All 11,000 customized reports are available online, free to the public, and include a full suite of user tools, comparison reports, and a comprehensive list of industry categories used in this analysis. Begin your exploration at www.AmericansForTheArts.org/CreativeIndustries.
What Messages Emerge from Creative Industries Reports?
Our hope is that local advocates can use this information to defend and promote the hard value and economic return from investment in the arts.According to the Creative Industries report, California's 42nd Congressional District is home to 1,288 arts-related businesses that employ 4,276 people.
Here’s how to get started:
- Start with the Map. The map above represents a Congressional district. The data included in this report represents not just a city within that district, but every arts organization within the district. The same will be true for counties, states, and all legislative districts.
- Arts Business are Distributed Broadly Across the Community. Every dot on the Creative Industries reports represents an arts business. They are broadly distributed across communities and political jurisdictions. What is clear is that the arts are not simply a downtown or urban phenomenon. They exist in—and support—urban, suburban, and rural communities. The arts truly have a nationwide impact.
- How Many Arts Businesses and Jobs? There are several key numbers to focus on. Right below the map, we have outlined the total number of arts businesses and the total number of people they employ in every region.
- How Well Does Your Community Compete? Nationally, four percent of all businesses are arts organizations. Below the map, we have developed a “share” feature which captures the percentage of arts businesses in each region. How does your county or legislative district stack up? Are the numbers in your area different from a neighboring community? Cities that want a competitive advantage can use this data to measure themselves. In the King County (Seattle area) report above, for example, there are 8,108 arts businesses that employ 34,536 people. Another way to look at that is that the creative industries in King County represent a remarkable six percent of the total number of area businesses and 2.3 percent of the people they employ.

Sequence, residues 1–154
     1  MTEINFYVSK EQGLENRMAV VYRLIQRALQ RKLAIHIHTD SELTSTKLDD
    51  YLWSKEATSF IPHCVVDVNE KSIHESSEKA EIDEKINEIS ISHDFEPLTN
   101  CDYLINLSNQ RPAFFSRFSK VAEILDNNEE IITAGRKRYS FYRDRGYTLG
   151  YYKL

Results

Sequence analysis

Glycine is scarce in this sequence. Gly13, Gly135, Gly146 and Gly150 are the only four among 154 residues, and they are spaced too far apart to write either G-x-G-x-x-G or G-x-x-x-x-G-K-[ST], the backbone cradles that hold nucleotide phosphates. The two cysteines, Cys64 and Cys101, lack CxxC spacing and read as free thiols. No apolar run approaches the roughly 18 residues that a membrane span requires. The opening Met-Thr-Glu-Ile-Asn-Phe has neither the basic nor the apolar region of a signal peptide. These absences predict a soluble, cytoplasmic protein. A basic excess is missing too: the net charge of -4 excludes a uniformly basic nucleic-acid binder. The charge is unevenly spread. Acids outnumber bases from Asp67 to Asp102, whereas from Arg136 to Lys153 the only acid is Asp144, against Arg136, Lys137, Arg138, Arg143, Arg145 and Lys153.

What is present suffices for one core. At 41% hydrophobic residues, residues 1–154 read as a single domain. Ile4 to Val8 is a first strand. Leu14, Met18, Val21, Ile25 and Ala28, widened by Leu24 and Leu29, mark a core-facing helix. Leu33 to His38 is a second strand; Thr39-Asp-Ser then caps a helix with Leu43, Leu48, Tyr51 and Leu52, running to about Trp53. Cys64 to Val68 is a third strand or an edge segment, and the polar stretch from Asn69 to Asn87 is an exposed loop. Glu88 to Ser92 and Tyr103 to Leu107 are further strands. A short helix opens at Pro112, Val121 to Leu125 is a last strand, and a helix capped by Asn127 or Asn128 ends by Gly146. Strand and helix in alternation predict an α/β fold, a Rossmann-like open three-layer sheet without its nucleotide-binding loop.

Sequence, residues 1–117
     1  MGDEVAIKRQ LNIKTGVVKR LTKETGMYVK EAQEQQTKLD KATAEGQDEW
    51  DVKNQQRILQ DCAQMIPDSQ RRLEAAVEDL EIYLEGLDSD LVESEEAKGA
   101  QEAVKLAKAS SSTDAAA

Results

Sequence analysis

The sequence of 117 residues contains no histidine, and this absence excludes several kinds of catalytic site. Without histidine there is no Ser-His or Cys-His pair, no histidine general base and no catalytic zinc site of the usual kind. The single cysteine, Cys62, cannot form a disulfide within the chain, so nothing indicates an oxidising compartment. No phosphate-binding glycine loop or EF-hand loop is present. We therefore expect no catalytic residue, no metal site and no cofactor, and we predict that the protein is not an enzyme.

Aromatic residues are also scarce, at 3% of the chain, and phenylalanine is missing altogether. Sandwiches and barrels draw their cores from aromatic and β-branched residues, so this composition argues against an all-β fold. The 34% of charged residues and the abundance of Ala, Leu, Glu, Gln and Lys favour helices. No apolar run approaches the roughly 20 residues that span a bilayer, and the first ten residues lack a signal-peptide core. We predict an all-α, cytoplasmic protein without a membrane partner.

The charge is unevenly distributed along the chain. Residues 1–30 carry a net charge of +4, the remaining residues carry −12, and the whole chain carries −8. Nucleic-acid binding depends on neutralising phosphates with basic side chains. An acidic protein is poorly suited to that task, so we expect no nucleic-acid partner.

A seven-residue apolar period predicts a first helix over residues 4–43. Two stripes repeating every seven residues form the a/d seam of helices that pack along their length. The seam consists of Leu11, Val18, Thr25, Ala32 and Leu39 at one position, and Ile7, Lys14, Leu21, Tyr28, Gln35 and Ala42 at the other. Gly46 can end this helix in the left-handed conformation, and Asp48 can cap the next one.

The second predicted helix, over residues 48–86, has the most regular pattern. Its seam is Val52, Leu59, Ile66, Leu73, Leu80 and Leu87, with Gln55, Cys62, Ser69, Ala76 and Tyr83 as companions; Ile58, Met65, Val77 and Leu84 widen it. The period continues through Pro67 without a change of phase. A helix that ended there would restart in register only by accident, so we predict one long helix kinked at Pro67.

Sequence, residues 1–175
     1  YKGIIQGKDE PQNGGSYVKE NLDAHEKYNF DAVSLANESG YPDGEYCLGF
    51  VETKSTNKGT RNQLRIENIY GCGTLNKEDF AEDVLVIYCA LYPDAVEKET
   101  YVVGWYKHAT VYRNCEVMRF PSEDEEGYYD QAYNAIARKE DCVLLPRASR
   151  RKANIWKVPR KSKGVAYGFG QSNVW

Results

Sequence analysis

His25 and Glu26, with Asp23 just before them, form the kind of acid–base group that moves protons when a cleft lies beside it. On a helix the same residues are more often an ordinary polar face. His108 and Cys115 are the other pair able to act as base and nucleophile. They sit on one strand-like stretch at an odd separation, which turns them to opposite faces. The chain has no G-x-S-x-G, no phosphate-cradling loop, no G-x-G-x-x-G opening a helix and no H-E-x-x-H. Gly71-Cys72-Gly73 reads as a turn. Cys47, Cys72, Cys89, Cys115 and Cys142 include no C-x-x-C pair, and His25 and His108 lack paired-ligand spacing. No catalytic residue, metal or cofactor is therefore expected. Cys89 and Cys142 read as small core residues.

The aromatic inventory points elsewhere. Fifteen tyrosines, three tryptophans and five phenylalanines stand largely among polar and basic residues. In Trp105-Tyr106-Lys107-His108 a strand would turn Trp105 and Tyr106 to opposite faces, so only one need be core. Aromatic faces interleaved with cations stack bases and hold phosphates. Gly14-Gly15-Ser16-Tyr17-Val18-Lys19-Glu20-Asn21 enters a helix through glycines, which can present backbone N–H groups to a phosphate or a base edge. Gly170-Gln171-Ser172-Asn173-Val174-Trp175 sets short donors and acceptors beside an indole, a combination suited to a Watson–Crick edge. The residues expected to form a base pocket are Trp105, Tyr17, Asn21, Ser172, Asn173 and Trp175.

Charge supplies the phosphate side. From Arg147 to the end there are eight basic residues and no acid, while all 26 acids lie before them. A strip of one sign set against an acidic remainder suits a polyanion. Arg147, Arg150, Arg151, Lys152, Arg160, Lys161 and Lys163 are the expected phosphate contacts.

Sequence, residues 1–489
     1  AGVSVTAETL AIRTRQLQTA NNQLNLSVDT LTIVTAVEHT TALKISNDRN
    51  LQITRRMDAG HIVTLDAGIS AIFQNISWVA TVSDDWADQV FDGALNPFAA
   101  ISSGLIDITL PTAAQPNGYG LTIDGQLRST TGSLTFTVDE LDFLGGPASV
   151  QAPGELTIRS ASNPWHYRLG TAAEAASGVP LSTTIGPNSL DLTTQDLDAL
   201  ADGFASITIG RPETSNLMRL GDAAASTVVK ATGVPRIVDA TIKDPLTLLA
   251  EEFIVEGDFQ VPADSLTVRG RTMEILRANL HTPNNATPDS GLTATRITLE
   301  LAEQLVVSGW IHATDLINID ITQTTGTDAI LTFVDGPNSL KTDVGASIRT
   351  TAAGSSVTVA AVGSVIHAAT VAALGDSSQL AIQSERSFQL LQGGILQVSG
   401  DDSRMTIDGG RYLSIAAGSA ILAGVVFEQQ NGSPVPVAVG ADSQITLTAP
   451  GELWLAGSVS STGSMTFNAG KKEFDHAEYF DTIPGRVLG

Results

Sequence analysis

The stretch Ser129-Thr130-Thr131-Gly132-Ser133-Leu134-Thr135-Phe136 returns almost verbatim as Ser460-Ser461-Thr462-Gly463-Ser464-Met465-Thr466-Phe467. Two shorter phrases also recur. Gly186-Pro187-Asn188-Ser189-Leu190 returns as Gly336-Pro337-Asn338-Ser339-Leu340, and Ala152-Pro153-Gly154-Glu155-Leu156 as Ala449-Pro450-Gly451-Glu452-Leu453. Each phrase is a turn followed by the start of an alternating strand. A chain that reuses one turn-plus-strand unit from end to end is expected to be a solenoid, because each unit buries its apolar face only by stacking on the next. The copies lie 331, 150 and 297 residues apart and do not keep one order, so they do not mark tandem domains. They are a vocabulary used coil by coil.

- Arts Education. With 3.48 million people working for arts businesses, arts education is a critical tool in fueling the creative industries through the development of arts-trained workers. Former Federal Reserve Chairman Alan Greenspan, a Julliard-trained clarinetist who worked as a professional musician early in his career, has noted, “The arts develop skills and habits of mind that are important for workers in the new economy of ideas.”
"Our hope is that local advocates can use this information to defend and promote the hard value and economic return from investments in the arts."
More Funding for the Arts
The Creative Industries reports have already proved to be a pivotal tool in helping arts supporters demonstrate the value of the arts to the economy. Paired with individual stories of inspiration and education through the arts, these reports make clear that additional individual, corporate, and public contributions to the arts yield tangible returns on investment—time and again, and in every region across America.
Randy Cohen is Vice President of Research and Policy at Americans for the Arts, a national advocacy organization for the arts.